“We’re pretty confident based on the scrims that we’ve had against them. We’ve scrimmed them quite a bit here. I do think they’re better in matches than they are in scrims obviously – I think a lot of people are – but I’d say we’re pretty confident in a map-to-map basis against them.”

Team Liquid are Cloud9 Blue’s formidable next opponent. (RIOT GAMES/Lance Skundrich)

Q: Who would you consider your biggest threat on Team Liquid individually?

“Individually, probably Nivera or Jamppi. I think they kind of have a mix of individual aim and also mental, they’re both pretty smart players. They play really good at the roles that they do, and if they have a good day, they’re pretty hard to beat.”

That last answer notably leaves off Adil “ScreaM” Bernlitom, who has been Liquid’s ace since they entered VALORANT. But we can only wait and see how the match plays out.

leaf looks ahead

The question was posed about how EMEA had had tremendous performances at Champions, while North America has been faltering.

“I think it’s hard to tell. Obviously, I think the people or the team that wins it all, people are gonna say that region’s better. But I think, every single game with every EU team, it wasn’t like it was a complete blowout.”

The only one that was was Acend-Envy, and Envy had to play from the hotel and Victor had COVID, so I don’t even know if that’s a true indication of how good Envy can be against EU. I think it’s really really close, like maybe on the same par, and I think it really depends on the day. It may be matchup-dependent, and individual days, that separated EU and NA.”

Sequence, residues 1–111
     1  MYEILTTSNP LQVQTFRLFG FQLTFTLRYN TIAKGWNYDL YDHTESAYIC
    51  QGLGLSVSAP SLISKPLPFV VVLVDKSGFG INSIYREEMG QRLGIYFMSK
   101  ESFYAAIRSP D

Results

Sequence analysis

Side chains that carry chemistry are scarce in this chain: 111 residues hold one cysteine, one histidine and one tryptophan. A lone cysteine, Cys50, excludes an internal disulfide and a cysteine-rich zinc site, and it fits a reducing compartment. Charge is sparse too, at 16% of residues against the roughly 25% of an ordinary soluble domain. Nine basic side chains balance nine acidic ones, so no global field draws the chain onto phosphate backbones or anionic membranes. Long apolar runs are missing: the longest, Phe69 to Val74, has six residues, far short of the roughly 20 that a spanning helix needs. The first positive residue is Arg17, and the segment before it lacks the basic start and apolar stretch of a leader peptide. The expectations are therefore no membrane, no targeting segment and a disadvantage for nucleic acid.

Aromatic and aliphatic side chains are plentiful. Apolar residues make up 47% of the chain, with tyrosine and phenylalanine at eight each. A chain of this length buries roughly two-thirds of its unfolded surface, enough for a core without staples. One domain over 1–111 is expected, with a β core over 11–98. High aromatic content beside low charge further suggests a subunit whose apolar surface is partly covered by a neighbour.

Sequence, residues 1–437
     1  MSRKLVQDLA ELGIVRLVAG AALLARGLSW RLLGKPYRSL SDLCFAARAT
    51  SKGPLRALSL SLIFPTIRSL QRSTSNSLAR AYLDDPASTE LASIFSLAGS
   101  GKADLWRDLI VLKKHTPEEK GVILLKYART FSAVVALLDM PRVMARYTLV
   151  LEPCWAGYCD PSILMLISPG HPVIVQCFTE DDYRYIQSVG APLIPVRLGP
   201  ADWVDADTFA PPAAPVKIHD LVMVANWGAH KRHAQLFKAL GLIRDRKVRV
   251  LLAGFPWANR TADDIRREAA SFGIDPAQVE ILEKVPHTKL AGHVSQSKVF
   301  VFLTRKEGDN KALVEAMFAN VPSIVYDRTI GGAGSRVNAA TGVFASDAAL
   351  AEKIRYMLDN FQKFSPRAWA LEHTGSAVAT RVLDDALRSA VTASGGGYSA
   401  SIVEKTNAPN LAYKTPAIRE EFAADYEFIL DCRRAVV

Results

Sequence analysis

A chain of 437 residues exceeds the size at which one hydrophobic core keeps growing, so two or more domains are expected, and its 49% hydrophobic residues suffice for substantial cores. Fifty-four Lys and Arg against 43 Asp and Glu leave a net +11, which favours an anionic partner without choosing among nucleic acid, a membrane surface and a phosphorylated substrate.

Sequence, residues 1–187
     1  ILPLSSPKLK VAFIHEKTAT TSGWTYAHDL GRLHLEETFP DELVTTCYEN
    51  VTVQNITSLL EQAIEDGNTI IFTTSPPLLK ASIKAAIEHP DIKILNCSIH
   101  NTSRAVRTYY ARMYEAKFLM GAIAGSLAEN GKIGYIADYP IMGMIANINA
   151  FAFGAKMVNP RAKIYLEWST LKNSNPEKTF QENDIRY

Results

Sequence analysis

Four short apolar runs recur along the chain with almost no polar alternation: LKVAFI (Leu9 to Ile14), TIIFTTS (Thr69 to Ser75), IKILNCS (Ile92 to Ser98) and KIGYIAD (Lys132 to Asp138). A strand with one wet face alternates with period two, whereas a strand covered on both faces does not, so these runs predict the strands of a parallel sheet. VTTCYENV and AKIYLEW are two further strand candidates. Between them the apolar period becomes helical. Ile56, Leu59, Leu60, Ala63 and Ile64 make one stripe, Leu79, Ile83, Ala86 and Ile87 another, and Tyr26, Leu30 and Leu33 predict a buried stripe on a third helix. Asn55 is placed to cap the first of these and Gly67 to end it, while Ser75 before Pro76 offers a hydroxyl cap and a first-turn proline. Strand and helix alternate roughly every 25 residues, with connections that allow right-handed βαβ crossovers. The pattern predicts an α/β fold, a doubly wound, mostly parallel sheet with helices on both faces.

leaf on stage in Cloud9’s match against FULL SENSE. (RIOT GAMES/Michal Konkol)

leaf also wrapped up Cloud9 Blue’s entire arc over the last few months in one answer.

“It’s been a very rocky road, I guess. Beginning of the year, like spring, we were third in the Iceland qualifier and it looked pretty good. For the Berlin qualifier, we obviously didn’t even make it to a closed qualifier. So that was obviously a terrible circuit.”

“LCQ, we signed vanity, and I think it was really good. We lacked a true leader on our team. I was kind of hard to capitalize on or fix our mistakes because we didn’t have a true leader in-game,” said leaf.

“LCQ was kind of easy. We lost that one bo3 to Rise and then we were like, you know, just need to strengthen some things out and play more together. And kind of the same here, we lost that bo3 to Fnatic, really really close match, and we were like, just need to focus up for the next ones,”


Stay tuned to Esports.gg for the latest VALORANT news and updates, and full coverage of VALORANT Champions Berlin.

Shawn

Shawn "Germanicus" Heerema

Writer of the Month: August | Twitter: @GermanicusCVIII

A writer from Niagara, Canada, Shawn covers VALORANT, League of Legends, and PUBG. He previously wrote for THESPIKE.GG and is a journalism student at Ryerson University. He has also been accredited press for Worlds 2021 and VALORANT Champions.